Another key area of focus in improvisation is the distinction between invention and discovery. This concept is a bit subtle but ultimately comes down to the distinction between being inwardly focused versus outwardly focused. The inexperienced improvisor looks inward into their own mind to invent their next move. The experienced improvisor looks out at their scene and their scene partner to discover their next move. Non-improvisors often think improvisation is about being clever – coming up with brilliant ideas out of nowhere. While this sort of inspired creation can sometimes happen, it is much less reliable than discovery. The same is true, offstage. From the development of penicillin (when Alexander Fleming noticed that mold-contaminated samples were experiencing an anti-bacterial effect) to the advent of Velcro (when George de Mestral noticed the hook and loop mechanism that allowed burrs to stick to his pants), many of today’s modern “inventions” were really discoveries. In fact, the real power behind the scientific method is that you design an experiment and then observe what actually happens – instead of trying to invent theories from nothing. When it comes to creativity, discovery seems a much more reliable path towards success as well.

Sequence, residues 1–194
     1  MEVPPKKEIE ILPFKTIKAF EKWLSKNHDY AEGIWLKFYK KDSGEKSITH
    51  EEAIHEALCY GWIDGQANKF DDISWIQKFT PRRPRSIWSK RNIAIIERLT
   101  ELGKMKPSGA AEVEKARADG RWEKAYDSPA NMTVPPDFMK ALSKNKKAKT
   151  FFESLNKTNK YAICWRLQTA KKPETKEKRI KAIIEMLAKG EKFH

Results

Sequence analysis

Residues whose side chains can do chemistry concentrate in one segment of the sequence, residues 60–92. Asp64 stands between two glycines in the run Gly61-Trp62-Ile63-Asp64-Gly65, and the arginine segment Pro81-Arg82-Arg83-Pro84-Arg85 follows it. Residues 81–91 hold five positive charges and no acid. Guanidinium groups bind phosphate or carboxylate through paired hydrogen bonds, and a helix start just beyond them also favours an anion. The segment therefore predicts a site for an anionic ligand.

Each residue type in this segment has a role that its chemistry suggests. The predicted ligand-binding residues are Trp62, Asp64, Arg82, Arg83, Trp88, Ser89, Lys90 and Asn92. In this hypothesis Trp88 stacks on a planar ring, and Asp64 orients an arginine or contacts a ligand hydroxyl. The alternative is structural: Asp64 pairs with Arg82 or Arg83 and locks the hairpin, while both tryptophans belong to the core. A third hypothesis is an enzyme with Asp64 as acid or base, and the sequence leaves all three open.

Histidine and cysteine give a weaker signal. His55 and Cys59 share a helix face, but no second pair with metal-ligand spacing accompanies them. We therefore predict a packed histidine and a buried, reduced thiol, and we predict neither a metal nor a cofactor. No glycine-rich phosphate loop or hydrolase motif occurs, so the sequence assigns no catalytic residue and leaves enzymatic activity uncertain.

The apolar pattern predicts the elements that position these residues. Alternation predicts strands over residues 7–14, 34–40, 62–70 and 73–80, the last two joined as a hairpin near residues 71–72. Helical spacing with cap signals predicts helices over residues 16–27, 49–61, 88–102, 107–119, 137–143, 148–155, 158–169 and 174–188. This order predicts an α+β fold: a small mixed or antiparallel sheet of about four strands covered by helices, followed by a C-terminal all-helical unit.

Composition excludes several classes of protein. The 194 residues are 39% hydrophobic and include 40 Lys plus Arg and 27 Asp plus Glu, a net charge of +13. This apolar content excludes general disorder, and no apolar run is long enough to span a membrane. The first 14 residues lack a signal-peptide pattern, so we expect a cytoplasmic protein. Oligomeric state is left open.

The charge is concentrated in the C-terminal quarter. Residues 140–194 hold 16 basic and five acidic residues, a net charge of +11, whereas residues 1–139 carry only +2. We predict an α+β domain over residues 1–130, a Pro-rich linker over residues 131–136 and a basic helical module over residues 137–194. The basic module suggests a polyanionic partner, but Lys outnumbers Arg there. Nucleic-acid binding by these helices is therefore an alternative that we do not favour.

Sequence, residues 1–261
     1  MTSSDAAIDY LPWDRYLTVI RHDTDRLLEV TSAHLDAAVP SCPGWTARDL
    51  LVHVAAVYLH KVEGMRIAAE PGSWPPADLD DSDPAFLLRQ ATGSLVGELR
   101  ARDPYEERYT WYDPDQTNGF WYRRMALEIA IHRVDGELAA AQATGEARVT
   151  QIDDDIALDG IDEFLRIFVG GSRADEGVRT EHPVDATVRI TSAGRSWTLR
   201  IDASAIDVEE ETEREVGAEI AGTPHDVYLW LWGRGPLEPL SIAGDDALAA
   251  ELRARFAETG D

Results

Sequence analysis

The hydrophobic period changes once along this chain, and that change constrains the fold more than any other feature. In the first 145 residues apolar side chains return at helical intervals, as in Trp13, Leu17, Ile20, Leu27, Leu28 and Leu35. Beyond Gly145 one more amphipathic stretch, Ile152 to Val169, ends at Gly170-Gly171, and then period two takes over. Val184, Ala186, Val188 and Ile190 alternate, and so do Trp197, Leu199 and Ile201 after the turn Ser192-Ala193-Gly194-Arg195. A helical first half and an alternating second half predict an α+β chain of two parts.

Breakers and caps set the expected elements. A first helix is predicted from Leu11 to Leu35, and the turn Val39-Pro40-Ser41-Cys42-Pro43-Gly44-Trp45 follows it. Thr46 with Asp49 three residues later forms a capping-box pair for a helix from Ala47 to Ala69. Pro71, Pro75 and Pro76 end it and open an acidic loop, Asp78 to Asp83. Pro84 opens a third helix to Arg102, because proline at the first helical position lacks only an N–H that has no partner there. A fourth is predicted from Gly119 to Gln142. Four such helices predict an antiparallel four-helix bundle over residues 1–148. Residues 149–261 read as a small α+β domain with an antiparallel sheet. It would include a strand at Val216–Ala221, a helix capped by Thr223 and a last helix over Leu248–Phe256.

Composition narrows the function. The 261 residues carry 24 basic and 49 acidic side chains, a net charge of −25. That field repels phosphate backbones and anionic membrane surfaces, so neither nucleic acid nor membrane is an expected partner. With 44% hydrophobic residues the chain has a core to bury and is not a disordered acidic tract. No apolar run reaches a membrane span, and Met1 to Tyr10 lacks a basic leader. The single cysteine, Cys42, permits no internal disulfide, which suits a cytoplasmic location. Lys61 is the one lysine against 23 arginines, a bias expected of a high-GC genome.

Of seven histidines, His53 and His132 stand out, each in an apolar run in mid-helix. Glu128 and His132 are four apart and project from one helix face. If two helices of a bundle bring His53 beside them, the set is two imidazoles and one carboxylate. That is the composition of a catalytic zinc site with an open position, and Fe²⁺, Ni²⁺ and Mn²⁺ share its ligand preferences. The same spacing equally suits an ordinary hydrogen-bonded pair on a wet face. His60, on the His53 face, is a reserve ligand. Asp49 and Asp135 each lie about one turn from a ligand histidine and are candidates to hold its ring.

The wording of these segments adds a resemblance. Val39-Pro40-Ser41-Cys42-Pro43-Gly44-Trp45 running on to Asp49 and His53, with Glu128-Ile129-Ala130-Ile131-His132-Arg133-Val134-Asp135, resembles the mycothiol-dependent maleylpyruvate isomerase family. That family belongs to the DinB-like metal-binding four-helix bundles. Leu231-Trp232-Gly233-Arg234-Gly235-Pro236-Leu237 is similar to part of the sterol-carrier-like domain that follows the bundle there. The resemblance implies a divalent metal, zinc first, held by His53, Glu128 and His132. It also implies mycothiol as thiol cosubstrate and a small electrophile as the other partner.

Closely linked to Process and discovery, is the idea of creating space to let your mind wander – to allow your brain to make connections without your efforts getting in its way. One way to help your conscious mind stay out of the way of your subconscious mind is to give it something else to focus on. Drawing, painting, playing an instrument, cleaning, even riding the train or driving a car are all examples of activities that your conscious mind can focus on while your subconscious mind goes to work connecting the dots from your discoveries.